THE LOOKOUT written and directed by Scott Frank, with Joseph Gordon-Levitt, Jeff Daniels, Matthew Goode and Isla Fisher. A Miramax/Alliance Atlantis release. 98 minutes. Opens Friday (March 30). Rating: NNNN Rating: NNNN
After suffering a traumatic head injury in a car accident, Chris Pratt ( Joseph Gordon-Levitt ) attends classes in how to get his brain working properly, rooms with a blind man ( Jeff Daniels ) and works at night cleaning a bank in his small Kansas town. He's isolated and estranged from his wealthy family and ripe for seduction when Gary ( Matthew Goode ) and Luvlee ( Isla Fisher ) show up offering friendship and sex. All they want is a little help getting into the bank.
That's the premise of The Lookout , award-winning screenwriter Scott Frank 's directorial debut after writing for all the 'Bergs -- Out Of Sight for Soderbergh, Minority Report for Spielberg and Get Shorty for Sonnenberg (yeah, I know, Sonnenfeld).
It has a taut style and some striking performances. You'd never guess that Goode is English or Fisher Australian, and Gordon-Levitt, coming off Brick, is cementing his reputation as the king of post-adolescent noir.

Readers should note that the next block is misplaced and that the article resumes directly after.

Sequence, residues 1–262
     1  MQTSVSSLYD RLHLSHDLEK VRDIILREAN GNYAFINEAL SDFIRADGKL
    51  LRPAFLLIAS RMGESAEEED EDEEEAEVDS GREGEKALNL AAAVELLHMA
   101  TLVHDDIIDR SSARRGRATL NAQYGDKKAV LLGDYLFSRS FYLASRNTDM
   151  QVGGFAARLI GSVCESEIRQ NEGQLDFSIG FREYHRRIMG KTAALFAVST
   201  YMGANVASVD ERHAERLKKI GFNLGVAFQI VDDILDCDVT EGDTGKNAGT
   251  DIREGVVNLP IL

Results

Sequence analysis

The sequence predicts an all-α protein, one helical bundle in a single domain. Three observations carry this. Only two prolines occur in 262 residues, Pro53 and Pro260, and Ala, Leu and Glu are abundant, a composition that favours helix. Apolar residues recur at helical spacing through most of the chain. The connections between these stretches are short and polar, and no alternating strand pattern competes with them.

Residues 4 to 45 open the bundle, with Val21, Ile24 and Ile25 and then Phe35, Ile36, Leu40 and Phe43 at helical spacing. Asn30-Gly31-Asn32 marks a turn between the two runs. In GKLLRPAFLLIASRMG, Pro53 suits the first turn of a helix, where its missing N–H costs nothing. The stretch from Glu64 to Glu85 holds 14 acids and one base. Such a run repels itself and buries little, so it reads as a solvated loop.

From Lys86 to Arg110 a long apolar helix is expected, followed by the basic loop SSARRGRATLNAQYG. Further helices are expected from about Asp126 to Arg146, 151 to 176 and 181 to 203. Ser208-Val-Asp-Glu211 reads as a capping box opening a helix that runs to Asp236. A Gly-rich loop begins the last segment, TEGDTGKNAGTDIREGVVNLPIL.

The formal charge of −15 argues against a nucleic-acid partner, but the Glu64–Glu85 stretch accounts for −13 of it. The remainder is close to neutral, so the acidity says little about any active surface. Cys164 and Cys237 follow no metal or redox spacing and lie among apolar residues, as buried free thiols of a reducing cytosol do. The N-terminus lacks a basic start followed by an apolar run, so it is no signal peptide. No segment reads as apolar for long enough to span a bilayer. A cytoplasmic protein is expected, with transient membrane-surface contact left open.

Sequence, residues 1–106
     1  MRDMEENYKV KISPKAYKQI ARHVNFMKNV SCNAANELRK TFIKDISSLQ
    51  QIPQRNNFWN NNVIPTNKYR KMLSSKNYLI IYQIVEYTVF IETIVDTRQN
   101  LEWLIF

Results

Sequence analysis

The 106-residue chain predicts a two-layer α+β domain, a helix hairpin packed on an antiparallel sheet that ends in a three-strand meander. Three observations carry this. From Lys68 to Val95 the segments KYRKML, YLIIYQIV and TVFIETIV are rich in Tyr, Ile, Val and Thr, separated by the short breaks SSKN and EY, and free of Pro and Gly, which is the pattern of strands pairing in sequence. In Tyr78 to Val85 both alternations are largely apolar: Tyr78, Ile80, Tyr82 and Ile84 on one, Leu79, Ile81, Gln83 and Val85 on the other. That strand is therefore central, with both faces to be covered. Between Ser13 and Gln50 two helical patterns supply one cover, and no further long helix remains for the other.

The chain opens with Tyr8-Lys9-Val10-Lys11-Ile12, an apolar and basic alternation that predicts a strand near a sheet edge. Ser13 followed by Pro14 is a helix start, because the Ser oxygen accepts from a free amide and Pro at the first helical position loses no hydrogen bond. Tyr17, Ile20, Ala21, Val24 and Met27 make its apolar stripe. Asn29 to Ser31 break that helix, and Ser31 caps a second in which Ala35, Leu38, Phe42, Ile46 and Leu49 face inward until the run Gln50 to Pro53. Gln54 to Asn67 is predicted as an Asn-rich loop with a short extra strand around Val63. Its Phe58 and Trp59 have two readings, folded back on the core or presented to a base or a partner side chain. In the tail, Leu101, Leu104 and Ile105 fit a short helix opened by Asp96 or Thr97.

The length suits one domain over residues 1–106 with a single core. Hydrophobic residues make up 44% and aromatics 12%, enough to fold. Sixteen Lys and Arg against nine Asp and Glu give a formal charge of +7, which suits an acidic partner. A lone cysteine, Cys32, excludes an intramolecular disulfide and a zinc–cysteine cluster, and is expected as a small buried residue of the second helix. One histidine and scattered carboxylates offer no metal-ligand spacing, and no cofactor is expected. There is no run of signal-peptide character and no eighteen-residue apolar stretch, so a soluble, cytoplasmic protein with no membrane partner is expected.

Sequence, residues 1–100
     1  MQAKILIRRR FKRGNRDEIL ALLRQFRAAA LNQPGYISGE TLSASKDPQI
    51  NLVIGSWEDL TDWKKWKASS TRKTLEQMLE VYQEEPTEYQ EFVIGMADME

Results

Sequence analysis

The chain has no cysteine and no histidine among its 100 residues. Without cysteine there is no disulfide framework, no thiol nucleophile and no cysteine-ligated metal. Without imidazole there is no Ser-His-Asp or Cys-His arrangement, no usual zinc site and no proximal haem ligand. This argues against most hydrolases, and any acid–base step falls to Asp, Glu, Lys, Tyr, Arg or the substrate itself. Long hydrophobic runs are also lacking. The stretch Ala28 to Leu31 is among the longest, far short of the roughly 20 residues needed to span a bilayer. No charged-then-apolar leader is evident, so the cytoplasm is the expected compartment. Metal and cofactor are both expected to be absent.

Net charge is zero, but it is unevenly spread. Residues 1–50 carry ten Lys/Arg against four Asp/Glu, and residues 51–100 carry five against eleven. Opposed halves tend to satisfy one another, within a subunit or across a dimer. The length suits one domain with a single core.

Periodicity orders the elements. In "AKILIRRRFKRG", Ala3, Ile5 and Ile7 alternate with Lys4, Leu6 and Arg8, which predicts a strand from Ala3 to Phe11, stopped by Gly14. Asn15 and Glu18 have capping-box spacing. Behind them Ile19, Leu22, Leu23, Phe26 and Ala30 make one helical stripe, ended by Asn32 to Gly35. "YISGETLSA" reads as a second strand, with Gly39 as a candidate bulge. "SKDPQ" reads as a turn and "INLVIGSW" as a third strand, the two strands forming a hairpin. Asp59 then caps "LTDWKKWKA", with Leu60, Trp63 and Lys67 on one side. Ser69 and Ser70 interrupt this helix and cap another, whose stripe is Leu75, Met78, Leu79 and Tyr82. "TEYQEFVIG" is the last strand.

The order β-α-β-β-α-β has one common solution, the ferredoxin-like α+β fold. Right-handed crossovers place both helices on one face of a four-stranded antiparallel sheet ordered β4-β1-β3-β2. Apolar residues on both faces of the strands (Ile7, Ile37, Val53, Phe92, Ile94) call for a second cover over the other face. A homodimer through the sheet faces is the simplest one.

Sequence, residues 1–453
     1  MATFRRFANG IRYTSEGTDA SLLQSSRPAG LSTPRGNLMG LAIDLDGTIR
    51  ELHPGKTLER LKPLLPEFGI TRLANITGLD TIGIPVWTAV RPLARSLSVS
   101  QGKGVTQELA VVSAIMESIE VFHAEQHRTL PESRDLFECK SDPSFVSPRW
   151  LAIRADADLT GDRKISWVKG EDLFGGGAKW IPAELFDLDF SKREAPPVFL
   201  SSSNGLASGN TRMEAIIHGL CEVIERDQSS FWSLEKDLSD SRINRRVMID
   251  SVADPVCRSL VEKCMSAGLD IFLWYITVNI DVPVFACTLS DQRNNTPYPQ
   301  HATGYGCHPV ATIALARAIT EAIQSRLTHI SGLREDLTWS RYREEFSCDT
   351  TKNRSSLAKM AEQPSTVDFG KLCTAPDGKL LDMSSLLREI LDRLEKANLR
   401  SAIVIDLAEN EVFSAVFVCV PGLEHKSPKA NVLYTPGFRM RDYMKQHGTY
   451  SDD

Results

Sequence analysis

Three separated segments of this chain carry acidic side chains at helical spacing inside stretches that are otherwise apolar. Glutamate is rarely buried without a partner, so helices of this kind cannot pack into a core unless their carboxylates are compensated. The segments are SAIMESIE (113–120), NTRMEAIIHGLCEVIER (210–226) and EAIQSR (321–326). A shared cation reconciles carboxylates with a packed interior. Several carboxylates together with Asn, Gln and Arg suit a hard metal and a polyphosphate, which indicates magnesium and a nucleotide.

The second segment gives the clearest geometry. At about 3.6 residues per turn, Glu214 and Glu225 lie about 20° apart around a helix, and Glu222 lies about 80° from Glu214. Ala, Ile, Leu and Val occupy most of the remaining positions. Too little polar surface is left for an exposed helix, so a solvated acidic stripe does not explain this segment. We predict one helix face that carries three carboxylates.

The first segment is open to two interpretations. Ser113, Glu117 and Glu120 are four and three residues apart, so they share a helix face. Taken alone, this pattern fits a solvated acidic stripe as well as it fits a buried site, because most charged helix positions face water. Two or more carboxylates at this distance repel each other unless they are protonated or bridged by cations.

Fisher gives an interesting spin to a part that could have been generic temptress. The diminutive scene- stealer from Wedding Crashers has the disturbing ability to look about 13 years old and simultaneously be credible as someone who's spent a couple of years as a stripper.
Frank isn't the first filmmaker to take the mystery-thriller out of the city. The Ice Harvest used the same frozen landscape to brilliant effect. Removing the familiar urban visual devices gives the filmmaker an automatic push toward rethinking the look of the genre.
I've only a couple of small complaints. One is that the whole set of memory issues starts to remind us too much of Memento, when this film is nothing like that. The other is a weird chronology issue. The bank robbery is timed to happen when the bank has a lot of money in-house to pay off the farmers after the harvest. Why would it be mid-December, explicitly at least two weeks after Thanksgiving? Harvest has been and gone.